Community-Supported Agriculture

Invitation to participate in research survey

Research project "Designing high-performance crop polycultures for community-supported agriculture (CSA)"

Dear CSA growers of vegetables and leafy greens!

NGO "Permaculture in UkraineThe Leibniz Centre for Agricultural Landscape Research (ZALF), and Michael Succow foundation are kindly asking you to share your experience in growing polycultures with vegetables and leafy greens by participating in this survey (also available in German).

The goal of the study is to increase the environmental stability and economic returns of farms by designing effective polycultures. The term “polyculture” refers to simultaneous cultivation of several crops (or also livestock) on the same land.

The output of the project will be decision support tool for designing polyculture schemes for temperate climate tailored for small and medium producers, in particular for CSA growers where collected growers’ experience will be combined with the information from the academic and professional literature. Our approach towards designing crop polycultures lies in maхimising diversity of crop traits across time and space in combination with multifunctional (of permaculture) system optimization based in crop integration within farm functional zones, management requirements, similar processing, resource needs and growth characteristics.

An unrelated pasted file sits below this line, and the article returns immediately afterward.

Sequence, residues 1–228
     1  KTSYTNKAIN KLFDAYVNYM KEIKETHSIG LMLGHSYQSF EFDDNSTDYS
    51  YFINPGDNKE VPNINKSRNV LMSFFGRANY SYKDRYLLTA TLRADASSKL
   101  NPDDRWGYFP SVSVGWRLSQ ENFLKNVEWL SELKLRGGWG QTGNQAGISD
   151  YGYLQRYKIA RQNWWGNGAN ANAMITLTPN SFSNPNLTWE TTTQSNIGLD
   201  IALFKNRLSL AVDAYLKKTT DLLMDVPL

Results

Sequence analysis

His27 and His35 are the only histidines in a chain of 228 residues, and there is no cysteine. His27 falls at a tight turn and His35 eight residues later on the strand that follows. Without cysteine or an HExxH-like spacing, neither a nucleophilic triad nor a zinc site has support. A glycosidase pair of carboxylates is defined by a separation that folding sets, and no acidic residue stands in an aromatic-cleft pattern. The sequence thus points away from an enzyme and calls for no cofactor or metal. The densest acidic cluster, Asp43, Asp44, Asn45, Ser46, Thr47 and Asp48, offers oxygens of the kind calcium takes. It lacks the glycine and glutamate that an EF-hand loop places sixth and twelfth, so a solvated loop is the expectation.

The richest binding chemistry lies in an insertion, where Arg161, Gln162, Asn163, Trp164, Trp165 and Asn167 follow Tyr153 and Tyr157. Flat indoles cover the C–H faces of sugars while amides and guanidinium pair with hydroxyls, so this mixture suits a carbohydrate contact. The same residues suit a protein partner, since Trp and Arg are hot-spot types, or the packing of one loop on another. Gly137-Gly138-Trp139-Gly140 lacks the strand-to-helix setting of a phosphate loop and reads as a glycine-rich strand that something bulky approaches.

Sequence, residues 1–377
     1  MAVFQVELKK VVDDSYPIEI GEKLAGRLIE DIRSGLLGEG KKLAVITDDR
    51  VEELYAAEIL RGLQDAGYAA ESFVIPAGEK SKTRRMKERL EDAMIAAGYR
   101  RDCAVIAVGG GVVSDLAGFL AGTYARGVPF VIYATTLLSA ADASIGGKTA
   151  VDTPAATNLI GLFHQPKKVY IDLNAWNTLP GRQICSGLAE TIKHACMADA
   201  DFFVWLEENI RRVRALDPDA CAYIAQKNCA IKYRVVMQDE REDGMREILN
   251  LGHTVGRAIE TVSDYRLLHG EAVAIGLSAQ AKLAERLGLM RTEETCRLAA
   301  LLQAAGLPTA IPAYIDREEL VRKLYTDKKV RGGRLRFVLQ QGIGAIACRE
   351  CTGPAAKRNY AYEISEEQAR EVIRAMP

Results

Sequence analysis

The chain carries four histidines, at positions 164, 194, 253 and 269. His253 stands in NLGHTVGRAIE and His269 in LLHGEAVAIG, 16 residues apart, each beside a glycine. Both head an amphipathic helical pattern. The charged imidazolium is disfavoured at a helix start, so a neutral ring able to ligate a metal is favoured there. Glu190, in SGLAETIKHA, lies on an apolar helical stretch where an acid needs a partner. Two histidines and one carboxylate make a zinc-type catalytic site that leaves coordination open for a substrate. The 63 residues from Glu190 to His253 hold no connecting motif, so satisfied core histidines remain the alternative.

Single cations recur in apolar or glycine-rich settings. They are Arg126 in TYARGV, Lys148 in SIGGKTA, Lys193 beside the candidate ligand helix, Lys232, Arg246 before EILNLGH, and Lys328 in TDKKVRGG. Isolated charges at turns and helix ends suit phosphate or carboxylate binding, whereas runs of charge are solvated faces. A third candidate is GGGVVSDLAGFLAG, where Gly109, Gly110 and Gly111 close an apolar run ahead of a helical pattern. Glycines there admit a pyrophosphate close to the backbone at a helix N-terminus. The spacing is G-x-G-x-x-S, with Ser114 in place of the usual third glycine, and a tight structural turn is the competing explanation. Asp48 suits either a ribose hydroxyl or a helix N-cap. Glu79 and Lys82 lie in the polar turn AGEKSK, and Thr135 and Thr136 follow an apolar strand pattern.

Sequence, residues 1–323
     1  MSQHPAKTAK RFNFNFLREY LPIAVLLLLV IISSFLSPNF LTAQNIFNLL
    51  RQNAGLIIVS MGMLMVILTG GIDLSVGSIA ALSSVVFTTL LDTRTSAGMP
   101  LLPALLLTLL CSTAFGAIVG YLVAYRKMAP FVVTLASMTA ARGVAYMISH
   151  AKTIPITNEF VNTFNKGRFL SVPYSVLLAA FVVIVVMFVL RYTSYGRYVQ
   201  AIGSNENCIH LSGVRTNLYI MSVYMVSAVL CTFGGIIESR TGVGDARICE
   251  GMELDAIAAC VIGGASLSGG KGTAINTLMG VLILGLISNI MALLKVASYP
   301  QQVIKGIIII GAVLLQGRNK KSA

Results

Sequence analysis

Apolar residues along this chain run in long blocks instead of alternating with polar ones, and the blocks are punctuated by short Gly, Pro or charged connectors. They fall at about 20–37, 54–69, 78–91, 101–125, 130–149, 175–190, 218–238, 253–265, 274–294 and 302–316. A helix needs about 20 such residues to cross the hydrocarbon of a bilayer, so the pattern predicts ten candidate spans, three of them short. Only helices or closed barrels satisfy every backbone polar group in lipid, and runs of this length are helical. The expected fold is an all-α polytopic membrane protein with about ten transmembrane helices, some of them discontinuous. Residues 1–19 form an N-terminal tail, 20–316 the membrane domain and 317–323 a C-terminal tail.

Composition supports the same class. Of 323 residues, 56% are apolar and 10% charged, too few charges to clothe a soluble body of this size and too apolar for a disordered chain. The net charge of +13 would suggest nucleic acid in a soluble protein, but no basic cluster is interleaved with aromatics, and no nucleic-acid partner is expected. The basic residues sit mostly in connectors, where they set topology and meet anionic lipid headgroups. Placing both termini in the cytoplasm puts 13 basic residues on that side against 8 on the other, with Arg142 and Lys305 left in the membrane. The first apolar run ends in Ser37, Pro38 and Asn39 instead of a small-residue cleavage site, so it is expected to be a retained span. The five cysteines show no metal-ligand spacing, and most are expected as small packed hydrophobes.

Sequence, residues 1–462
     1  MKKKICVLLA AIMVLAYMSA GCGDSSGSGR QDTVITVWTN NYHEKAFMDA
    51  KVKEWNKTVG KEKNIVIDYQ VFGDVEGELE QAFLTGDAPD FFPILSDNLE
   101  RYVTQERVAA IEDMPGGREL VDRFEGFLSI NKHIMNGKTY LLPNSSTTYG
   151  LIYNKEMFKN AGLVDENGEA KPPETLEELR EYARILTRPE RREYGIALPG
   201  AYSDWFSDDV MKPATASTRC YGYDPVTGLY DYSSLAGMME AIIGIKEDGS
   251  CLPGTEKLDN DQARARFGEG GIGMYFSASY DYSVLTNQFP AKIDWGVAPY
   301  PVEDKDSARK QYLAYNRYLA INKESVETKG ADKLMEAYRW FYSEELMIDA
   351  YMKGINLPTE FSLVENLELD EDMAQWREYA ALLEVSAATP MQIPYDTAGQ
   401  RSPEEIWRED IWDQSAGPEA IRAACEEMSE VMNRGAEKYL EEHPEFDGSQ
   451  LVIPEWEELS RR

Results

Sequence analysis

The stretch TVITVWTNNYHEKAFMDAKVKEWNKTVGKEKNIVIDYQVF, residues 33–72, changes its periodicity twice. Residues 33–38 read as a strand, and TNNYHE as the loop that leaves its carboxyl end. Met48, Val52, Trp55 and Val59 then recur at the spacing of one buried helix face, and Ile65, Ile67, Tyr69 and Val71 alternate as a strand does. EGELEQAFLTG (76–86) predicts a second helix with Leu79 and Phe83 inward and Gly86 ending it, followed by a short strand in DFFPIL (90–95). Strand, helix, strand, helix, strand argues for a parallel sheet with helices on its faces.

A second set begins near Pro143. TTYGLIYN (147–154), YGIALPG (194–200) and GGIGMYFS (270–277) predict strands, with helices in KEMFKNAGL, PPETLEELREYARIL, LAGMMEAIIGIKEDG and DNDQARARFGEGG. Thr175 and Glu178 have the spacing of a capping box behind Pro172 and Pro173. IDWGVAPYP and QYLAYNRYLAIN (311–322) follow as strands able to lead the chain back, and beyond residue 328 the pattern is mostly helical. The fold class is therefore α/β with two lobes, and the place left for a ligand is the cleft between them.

Learn more about designing crop polycultures from these video lectures (also available in Czech, Hungarian, Polish, Slovak languages, and an extended materials for university student), Discover about the linkage between permaculture and polycultures from the video clip “Mosaic Landscape”, presentationsproceedings and resolution from research and practice conference “Polycultures and Permaculture”.

Follow project updates on Facebook project page Polycultures and Permaculture.


Farm conference “Launching Community-Supported Agriculture (CSA) in Ukraine" was organized on 27 of February 2021. See recorded conference presentations, presenters, participants, agroecology peer support groups. Link to page in Ukrainian.

Community-Supported Agriculture

Community-Supported Agriculture (CSA) is a partnership between a farm and consumers where the risks and rewards of farming are shared. This contemporary model of agriculture is based on traditional connections between a city and a village and its popularity is growing fast in Europe and worldwide. Direct linkage between farmer and consumer has proven its benefits for both parties at the time of COVID-19 pandemic when the interest towards CSA increased twofold.

CSA has multiple benefits:

10 benefits for farmers and rural community

  1. Secure market which is less sensitive to lockdown and price fluctuations. Continuous positive dynamics of CSA growth in Europe and worldwide.